By Eamon Sweeney

Tomorrow, October 5, 2018 will mark 50 years since a Civil Rights march in Derry's Duke Street was attacked by the RUC.

Banned by William Craig, then Stormont Minister of Home Affairs, TV images of the violence were shown across the world and brought the protests on the streets of Northern Ireland sharply into international focus.

In 2013, as the 45th anniversary of the October 5 civil rights march approached, one of the civil rights movement's chief protagonists Eamonn McCann contended that if a journalist picked out a dozen people who were standing in roughly the same spot in Duke Street that day they would all tell a completely different version of what they witnessed.

This he said, didn’t make for an untruthful version of events, but rather that each person has, and is entitled their own version of the truth.

According to the journalist and political activist his stand-out memory of that Saturday afternoon 50 years ago is not of the police attack on the march but something that happened before it actually took place. It is something, he says, that still has him puzzled to this day.

“My most clear memory is of being arrested a couple of days before the march with Ivan Cooper and Charlie Morrison and being held at Victoria Barracks.

"I remember puzzlement at firstly being arrested, then being held without being questioned and then let go. In fact no one in the police station spoke to us at all.

“I remember thinking to myself 'what are the RUC playing at' and also thinking about who else they’d arrested. Was it Finbar O’Doherty or Eamonn Melaugh?

“I am still puzzled. My conclusion is that they didn’t know what they were doing and that senior officers took the opportunity to teach the lower orders a lesson. It certainly chimed with what William Craig (Stormont Minister for Home Affairs) was saying. Whether it came as part of specific instructions from him, I don’t know. Whether it was part of a strategy, I doubt it. The RUC were a ramshackle organisation who had no experience of ordinary policing.

"They were always one of the most political police forces. People say, and they are absolutely right, that the Para's were the wrong regiment to deploy on Bloody Sunday. In the same way the RUC were the wrong police force to deal with the civil rights movement.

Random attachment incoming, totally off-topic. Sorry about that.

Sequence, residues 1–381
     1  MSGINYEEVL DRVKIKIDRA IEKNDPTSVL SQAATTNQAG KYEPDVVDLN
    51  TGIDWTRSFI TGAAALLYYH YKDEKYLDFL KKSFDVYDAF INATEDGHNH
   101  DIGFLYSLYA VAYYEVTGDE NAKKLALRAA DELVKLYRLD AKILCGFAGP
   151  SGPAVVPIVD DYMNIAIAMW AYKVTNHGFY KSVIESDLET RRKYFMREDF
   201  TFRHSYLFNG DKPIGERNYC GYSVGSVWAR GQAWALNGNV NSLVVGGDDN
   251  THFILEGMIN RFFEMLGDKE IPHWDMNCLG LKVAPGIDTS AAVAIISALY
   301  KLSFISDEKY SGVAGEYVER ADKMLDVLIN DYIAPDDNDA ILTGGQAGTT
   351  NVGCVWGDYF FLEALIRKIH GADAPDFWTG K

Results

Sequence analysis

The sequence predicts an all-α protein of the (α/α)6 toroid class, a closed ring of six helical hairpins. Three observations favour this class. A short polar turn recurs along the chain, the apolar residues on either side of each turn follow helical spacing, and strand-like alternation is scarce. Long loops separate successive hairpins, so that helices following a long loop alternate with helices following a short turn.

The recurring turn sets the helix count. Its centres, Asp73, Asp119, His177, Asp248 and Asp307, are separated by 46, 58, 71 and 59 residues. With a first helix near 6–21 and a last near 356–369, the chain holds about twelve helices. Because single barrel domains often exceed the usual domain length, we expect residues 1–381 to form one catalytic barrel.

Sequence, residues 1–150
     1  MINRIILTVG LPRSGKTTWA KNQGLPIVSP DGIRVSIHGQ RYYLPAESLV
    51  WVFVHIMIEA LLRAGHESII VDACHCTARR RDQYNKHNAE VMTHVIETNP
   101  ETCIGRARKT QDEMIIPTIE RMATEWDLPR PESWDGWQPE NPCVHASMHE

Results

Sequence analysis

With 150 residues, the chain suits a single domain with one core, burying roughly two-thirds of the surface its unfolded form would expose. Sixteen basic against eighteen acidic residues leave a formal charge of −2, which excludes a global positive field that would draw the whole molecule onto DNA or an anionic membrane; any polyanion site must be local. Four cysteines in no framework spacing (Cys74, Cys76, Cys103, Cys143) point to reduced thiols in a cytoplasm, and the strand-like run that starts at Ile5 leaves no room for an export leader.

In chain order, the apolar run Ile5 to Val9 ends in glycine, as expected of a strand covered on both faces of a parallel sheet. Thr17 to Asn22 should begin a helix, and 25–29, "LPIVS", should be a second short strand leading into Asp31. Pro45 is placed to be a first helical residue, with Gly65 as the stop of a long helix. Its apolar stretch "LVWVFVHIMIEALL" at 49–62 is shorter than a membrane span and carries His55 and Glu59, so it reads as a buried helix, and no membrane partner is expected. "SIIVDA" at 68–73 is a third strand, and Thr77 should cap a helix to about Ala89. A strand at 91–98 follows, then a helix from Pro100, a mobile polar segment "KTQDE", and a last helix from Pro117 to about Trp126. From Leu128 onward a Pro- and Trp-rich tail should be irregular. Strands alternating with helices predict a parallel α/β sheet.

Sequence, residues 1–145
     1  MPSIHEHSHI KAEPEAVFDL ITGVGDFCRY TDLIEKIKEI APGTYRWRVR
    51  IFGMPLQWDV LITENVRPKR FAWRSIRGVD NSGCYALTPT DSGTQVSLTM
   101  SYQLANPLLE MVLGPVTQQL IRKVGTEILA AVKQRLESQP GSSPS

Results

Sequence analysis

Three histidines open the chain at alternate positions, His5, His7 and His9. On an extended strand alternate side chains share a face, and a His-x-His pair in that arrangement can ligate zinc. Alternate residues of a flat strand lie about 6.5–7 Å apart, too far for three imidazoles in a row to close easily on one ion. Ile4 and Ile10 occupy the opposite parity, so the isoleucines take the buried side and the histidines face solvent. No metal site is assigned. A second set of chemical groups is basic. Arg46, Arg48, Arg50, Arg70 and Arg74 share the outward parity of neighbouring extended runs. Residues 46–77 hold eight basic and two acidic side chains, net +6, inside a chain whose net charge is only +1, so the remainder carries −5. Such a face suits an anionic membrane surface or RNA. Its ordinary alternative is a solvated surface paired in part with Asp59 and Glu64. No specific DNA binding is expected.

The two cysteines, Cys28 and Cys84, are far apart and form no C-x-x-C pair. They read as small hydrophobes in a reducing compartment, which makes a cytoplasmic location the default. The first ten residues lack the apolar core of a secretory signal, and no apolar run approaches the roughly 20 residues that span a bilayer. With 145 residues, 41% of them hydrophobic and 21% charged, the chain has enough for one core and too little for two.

“Either way we just made it to Duke Street in time for the start of the march,” he said.

The original demands of the civil rights movement in Northern Ireland are already well known,  campaigned for as they were under the auspices of the broad coalition that constituted the Northern Ireland Civil Rights Association.

So, what if anything, would Eamonn McCann do differently now than then?

“I would do it all again, but what I’d do differently is to tell people on the left that we should have taken time out and take stock of the ideologies and politics involved. I think we would have come out of it with a much stronger left-wing organisation. I think now that we misused an opportunity.

“The difference between the left and the other tendencies involved on October 5 is that we identified more readily with the black civil rights movement in America and the anti-war movement, the French student protests of 1968 and the Prague Spring which happened that summer when the Czech people fought against Soviet imperialism.

“We had a different attitude than others involved, in that we sought out the most powerful allies we could irrespective of where they stood.

"To this day when People Before Profit go to America we speak to the Me Too campaign, the Black Lives Matter campaign and the education workers that have been involved in mass strikes.

"That's in stark contrast to others who were involved in the civil rights campaign who still seek to ingratiate themselves with the leaders of Irish America and and get admission to the White House. Those differences we had in the 1960s and 1970s are being reproduced again now.

"We wouldn't walk on the same side of the street as Donald Trump."

We also asked Eamonn McCann what he believes the civil rights movement achieved?